Working with HMI lights

Model with coral tree, HMI/HD lights with Scuba Diver Australasia

By Michael Aw

HMI technology is not new. It evolved in the late 1960s when lamp developer Osram began producing HMI bulbs for the film industry at the request of German television seeking a less expensive alternative to incandescent lights. Ironically, HMI is now much more expensive than halogen and tungsten. Though the principle behind the HMI / HID lighting has been known for decades in the movie industry, it was only in 1996 that I fi rst saw them used in an underwater photographic application by David Doubilet. Using two 1200 watts units, he created never seen before pictures of fl uorescent corals, mantas feeding at night at Kona and atmospheric imagery of the Chandelier cave in Palau. I was immediately hooked on the idea of using a continuous light source that illuminates at day light temperature -5600° Kelvin similar to an underwater strobe or electronic flash.

Watt for watt, Hydrargyrum Medium-Arc Iodide (HMI for short) lights are two to four times brighter than their tungsten equivalents. Their application has revolutionized motion picture photography in films such as the Abyss, Titanic and IMAX productions like Volcanoes of the Deep Sea. Since no fi lament is used, HMI lights are much more robust and less sensitive to shock and vibration. Generally the unit uses a separate electronic ballast to regulate power input and they are the lights of choice for ROVs in deep sea documentary productions. Until the last few years, those used in the movie industry were huge units of 600 watts to 2500 watts requiring surface supplied power thus logistics and the cost of rental Model, HMI/HD lights with Scuba Diver Australasiaprecluded the use even by professional underwater photographers. However with the demand of underwater video makers, a few innovative German manufacturers have started to produce units in the range of 24w to 100w.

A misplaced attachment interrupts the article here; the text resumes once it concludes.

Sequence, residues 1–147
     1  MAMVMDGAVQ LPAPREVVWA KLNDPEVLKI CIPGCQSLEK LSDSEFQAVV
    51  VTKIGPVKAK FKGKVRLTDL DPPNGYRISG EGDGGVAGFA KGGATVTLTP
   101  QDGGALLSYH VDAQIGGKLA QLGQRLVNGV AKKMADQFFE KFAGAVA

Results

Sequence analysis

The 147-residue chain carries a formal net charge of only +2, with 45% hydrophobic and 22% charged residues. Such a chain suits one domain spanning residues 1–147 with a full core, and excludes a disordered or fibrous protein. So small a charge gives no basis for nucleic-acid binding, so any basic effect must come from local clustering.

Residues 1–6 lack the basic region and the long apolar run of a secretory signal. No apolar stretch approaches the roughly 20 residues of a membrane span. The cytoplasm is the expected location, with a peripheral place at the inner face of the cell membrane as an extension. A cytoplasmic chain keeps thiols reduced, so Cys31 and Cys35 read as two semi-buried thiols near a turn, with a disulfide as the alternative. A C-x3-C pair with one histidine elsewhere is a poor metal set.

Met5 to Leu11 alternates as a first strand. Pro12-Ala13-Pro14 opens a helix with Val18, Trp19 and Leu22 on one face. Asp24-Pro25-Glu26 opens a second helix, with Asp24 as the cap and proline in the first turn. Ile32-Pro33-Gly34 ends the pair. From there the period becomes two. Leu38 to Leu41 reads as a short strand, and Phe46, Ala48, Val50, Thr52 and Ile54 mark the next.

Despite the extraordinary illumination quality, the principal draw back of HMI application is its cost. Whereas a 50w halogen light costs less than USD300, the 24 watt equivalent HMI costs in excess of USD1500. So with prices like these, why bother with HMI? During the last few years, I have experimented with the big guy's 1200w rented from PANAVISION for the 24-hour shoot in the Maldives, 50w units by Treble-Light and most recently the 24w Solaris Pro from Keldan. Each of them serves an application, achieving impressive results.

Squid, HMI/HD lights with Scuba Diver AustralasiaThe main advantage for digital photography is apparent. With a SLR camera capable of firing 6 to 9 frames per second, there are no underwater strobes capable of recycling to keep up with the camera firing speed. Keeping unnecessary light out between the object and the camera reduces the illumination of undesired back scatter. In this department, a HMI light source is more forgiving than an electronic flash. I also fi nd that light from HMI's seems to have the ability to "wrap around" the subject, seemingly able to enhance depth and soften shadows. Powerful units like the 1200w to 2400w units provide greater true-color rendition over a wide area, making them an ideal illumination source for filming wrecks and wide seascapes. Here are some examples of my work with HMI lights.

1. I used a Ikelite DS125 set at 1/4 power to light up the face of the model, she in turn used a Solaris Pro to light up the white coral tree.
2. This image was shot during the documentary production of "24 Hours Beneath the Rainbow Sea in the Maldives". We hired from PANAVISION 600w and 1200w HMI for the shoot.
Coral, HMI/HD lights with Scuba Diver Australasia3. This is one of the 110 frames I captured of this squid with a NIKON D1X; I fired continuously while using a SOLARIS PRO as the light source.
4. With the use of UV filter on a Treble-Light 50W HID light, I am able to bring out the fluorescent property of this hard coral.

This article was originally published in Scubadiver Australasia issue 2 - 2005

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